From In the New Old-Fashioned Way
Eleven reasons why “Eleven:Eleven” would have been the perfect leading single for In the New Old-Fashioned Way:
1. Its infectious catchiness will stay in your head for hours on end.
2. Which part is the verse, and which part is the chorus? Only a large-scale vote could resolve this.
3. At the time, the band’s best bet to break free of the chains of Ben Folds comparisons was to embrace the jazz that soaked what they were doing around this time. This song is the closest the band sounds to being a jazz combo aside from “Sucker” and “Lend Me Your Ears.”
4. The solo, complete with the easily identifiable quote from Tholonious Monk’s “Straight, No Chaser,” is perfectly accentuated by a single note by Tha B, attracting fanboys the world over.
5. With its pensiveness played in such a fast and clever manner, it would attract music lovers to listen so closely to it to detect the subtleties of its story.
6. This song is surrounded by all of the best songs on In the New Old-Fashioned Way, so casual listeners who would have bought the CD just for this song would have likely found the other songs to branch them out to the awesomeness of this record.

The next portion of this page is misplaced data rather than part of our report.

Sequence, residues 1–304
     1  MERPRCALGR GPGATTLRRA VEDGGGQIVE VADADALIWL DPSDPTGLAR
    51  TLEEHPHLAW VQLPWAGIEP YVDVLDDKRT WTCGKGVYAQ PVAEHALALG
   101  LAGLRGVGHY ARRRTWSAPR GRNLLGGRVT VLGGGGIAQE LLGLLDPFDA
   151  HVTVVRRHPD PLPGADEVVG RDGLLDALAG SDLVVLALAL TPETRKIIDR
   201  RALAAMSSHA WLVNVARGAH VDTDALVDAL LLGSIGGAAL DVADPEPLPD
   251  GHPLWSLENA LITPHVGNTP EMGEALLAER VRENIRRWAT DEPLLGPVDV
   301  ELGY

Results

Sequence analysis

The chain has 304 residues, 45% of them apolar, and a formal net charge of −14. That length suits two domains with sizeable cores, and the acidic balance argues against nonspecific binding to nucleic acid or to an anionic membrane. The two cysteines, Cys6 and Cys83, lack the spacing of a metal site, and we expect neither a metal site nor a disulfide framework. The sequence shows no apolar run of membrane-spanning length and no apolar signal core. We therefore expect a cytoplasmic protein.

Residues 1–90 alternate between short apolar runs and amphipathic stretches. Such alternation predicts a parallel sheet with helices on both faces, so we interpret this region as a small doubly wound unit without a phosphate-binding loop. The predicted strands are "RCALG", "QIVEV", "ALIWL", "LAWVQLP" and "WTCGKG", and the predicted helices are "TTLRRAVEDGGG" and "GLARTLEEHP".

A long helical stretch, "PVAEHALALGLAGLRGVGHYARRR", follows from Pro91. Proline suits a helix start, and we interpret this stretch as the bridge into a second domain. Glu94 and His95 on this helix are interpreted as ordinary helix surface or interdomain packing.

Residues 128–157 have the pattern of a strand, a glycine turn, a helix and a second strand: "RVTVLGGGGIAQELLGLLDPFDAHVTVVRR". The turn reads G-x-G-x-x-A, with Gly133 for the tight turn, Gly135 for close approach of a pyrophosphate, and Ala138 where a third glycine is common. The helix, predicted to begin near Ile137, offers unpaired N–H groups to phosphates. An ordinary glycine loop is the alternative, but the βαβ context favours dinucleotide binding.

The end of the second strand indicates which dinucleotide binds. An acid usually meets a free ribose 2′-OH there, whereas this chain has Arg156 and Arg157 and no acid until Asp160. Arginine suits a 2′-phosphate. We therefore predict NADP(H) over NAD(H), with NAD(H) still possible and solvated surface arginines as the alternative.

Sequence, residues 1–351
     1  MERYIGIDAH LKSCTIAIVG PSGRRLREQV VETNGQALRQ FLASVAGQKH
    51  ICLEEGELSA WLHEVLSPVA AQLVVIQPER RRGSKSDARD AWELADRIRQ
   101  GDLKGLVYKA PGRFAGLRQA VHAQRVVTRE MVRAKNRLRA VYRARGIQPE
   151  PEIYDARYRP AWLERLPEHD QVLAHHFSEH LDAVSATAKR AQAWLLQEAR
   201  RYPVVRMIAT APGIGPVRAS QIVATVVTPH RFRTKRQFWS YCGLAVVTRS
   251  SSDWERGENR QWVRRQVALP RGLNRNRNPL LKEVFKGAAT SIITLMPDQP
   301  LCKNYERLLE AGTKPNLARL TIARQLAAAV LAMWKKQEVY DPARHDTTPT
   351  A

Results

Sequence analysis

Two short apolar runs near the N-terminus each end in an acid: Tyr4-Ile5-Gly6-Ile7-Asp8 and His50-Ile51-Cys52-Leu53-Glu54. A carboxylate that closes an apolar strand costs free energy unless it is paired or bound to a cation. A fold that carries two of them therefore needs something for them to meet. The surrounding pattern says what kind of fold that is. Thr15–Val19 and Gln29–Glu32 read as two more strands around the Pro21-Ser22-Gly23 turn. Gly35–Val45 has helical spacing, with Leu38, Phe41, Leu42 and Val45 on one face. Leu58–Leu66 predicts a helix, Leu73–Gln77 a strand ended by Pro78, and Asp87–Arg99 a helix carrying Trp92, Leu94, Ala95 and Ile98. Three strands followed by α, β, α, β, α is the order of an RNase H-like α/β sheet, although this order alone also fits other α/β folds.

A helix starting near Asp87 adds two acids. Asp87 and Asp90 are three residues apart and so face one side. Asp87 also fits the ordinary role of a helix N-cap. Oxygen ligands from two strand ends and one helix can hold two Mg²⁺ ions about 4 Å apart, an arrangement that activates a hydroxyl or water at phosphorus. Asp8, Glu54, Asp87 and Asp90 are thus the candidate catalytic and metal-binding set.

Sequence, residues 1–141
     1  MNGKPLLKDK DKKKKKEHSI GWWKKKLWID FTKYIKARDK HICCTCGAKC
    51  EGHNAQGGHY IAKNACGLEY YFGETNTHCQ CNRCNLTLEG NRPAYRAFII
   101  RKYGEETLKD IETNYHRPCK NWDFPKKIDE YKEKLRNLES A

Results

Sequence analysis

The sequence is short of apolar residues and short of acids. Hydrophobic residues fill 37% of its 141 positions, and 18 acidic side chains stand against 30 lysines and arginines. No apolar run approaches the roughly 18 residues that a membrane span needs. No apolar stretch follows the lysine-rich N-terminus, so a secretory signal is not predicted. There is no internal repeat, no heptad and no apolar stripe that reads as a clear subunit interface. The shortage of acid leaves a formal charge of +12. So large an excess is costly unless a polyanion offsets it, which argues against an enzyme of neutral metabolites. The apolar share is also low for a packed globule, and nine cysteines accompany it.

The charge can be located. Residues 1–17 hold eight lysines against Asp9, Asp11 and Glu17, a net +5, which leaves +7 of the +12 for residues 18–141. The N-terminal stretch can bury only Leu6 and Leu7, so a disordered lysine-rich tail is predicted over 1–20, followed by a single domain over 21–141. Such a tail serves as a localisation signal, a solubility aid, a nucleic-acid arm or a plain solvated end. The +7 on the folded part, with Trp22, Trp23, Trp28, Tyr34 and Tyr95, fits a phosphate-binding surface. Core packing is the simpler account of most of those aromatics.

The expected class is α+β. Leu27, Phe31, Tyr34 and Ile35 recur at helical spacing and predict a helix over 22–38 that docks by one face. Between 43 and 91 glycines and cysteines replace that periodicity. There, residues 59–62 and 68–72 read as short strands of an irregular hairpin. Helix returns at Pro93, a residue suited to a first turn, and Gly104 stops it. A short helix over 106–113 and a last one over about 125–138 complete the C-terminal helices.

7. The old saying is to make a wish whenever you see a clock that reads, “11:11,” and even though this song doesn’t reference this directly, it’s almost like a wish to cure some relationship woes.
8. “Vegetable Kingdom” had already been shopped on college radio stations months before, and with the new CD coming out, Spongebath set out an online vote among fans to decide whether “Drought” or “Luxury” should be the first single. I believe “Luxury” won, and I never thought it held the strength to be any type of single. And as for “Drought,” well, it would be my distant second choice after “Eleven:Eleven.”
9. I would have loved to have seen “11:11” shirts with a Fluid Ounces logo and a clock on them with the simple statement, “The Time Is Now…”
10. Did I mention how hard it is to expunge “The time is now 11:11” from your head once it gets there?
11. Irony: a three-minute song about a single minute in time.
The video presented here is from Grand Rapids, Michigan in 1999.